I wrote an article at the start of the blog about picking a bible translation. I need to add some comments about the English Standard Version (ESV). The ESV strives to be as literal as possible while being readable. It has become very popular in Evangelical church circles, and for many through the ESV Study Bible.
Positives: Unlike some “literal” translations, the ESV does recognize paragraphs and poetic structure. I never liked the NASB’s format of puling every verse to the side, as if the bible came divided that way. It is usually readable, and they do try to retain continuity in translating the same words the same way. For example it uses “keep, keeps and keeper” in Psalm 121 for all the uses of the same hebrew root. the NIV is more free and you can miss the repetition.
I also like the ESV Literary Study Bible – it gives a minimum of literary form and outline information and lets you read the text yourself. I did scan the ESV Study Bible at the book store and found it heavy and overly laden with comments, so that the page I was reading was about 25% bible and 75% comment. I prefer a leaner bible and a couple of good reference works on the side – like a Bible dictionary and a commentary.
Negatives: The language is frequently rather poor English style, and somewhat dated sounding. This reflects the desire to be more literal, but also an older slightly dated English that the one I hear in daily life. I find that the editors have worked too hard to keep the male gender intact – often the male in Greek or Hebrew are generic, and translating male pronoun for male pronouns from original to English add s the English gender baggage to the text. Men may not notice, but women will. (Confession, I like the NRSV for this reason.)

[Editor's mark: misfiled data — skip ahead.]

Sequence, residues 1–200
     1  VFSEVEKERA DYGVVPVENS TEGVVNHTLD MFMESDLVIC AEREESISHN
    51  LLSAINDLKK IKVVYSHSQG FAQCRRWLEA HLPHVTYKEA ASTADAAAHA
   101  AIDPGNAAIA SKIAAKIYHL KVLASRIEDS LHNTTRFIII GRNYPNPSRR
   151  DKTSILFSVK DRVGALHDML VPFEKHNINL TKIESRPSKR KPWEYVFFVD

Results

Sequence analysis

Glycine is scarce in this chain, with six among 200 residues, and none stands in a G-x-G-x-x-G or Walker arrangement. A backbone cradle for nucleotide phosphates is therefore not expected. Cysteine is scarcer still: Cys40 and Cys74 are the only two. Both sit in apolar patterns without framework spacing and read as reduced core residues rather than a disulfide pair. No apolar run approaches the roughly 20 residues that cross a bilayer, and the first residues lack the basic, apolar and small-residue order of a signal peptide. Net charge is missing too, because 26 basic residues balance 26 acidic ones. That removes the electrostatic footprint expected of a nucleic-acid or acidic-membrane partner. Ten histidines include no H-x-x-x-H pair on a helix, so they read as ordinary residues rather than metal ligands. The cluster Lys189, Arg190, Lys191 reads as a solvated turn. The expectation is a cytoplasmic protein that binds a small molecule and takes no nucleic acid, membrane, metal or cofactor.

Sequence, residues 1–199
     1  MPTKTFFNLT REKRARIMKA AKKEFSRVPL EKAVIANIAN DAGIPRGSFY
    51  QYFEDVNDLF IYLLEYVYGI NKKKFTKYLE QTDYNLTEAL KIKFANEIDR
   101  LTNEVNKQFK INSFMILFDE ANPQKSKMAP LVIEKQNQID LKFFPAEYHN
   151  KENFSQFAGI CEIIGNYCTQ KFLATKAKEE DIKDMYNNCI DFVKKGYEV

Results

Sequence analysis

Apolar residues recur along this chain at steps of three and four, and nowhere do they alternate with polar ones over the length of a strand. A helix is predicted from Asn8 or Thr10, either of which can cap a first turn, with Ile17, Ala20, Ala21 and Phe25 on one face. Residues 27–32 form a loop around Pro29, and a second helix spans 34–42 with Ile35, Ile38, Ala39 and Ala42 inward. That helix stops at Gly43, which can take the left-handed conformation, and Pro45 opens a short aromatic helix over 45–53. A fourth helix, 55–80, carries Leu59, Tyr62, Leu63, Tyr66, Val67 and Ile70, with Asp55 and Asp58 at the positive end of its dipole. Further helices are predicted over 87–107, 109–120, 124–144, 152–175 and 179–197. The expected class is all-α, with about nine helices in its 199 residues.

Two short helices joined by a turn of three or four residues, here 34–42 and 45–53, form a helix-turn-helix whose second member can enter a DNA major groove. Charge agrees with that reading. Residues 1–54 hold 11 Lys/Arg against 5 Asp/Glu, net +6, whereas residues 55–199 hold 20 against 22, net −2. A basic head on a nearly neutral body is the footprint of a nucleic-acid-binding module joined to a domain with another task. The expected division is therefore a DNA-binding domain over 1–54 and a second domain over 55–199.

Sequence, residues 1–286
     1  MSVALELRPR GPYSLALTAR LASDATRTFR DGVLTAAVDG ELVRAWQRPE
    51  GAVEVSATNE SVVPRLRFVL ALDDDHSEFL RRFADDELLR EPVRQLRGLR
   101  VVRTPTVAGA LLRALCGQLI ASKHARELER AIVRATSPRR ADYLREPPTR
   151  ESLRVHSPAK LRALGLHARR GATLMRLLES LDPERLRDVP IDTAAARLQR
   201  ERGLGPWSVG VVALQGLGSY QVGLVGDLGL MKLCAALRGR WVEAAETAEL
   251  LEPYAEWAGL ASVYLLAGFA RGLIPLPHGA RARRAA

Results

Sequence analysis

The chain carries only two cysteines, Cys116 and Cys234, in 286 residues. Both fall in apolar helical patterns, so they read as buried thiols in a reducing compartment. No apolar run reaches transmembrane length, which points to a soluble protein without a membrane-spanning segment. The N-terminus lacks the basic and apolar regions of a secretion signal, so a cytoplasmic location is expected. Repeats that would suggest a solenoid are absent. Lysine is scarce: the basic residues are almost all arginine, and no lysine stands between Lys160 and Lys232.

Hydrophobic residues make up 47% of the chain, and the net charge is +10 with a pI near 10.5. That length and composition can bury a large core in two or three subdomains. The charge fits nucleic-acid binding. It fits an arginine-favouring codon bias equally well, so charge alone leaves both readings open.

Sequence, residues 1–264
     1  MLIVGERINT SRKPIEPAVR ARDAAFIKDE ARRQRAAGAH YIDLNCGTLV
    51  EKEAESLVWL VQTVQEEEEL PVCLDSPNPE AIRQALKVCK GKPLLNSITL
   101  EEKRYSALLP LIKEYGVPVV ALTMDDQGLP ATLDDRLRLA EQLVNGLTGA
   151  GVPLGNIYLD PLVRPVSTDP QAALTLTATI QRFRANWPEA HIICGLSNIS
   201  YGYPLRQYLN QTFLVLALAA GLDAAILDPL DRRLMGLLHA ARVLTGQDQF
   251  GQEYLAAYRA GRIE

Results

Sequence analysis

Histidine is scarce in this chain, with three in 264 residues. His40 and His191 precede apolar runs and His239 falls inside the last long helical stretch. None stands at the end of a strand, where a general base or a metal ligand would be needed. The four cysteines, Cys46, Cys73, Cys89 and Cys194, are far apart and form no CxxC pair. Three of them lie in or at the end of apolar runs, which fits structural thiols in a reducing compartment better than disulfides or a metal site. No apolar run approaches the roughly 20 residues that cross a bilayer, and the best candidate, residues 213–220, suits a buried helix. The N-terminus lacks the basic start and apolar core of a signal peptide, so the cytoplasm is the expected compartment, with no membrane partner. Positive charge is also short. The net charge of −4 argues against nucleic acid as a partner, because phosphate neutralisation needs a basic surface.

Conclusion: I use the ESV as a good manuscript study text – it is a good source for seeing connections and sensing the structure of the original language. It is only OK for general reading, and I do not preach from it very often, unless my default NIV (old version) is inadequate. That is partly because our “Pew Bibles” are NIV.
The NEW NIV: The NIV was updated in 2011, so if you want to read the one you are familiar with that is called the NIV 84. I have not yet read a lot of the new NIV, but it does attempt to be more gender generic – that is to translate into
English as neutral when the original may have been formally masculine but was understood as generic. English worked that way until maybe 1968 and thereafter we have moved on. So I do not have a problem with the approach. There are a number of other updates and I have not read enough to draw any conclusions.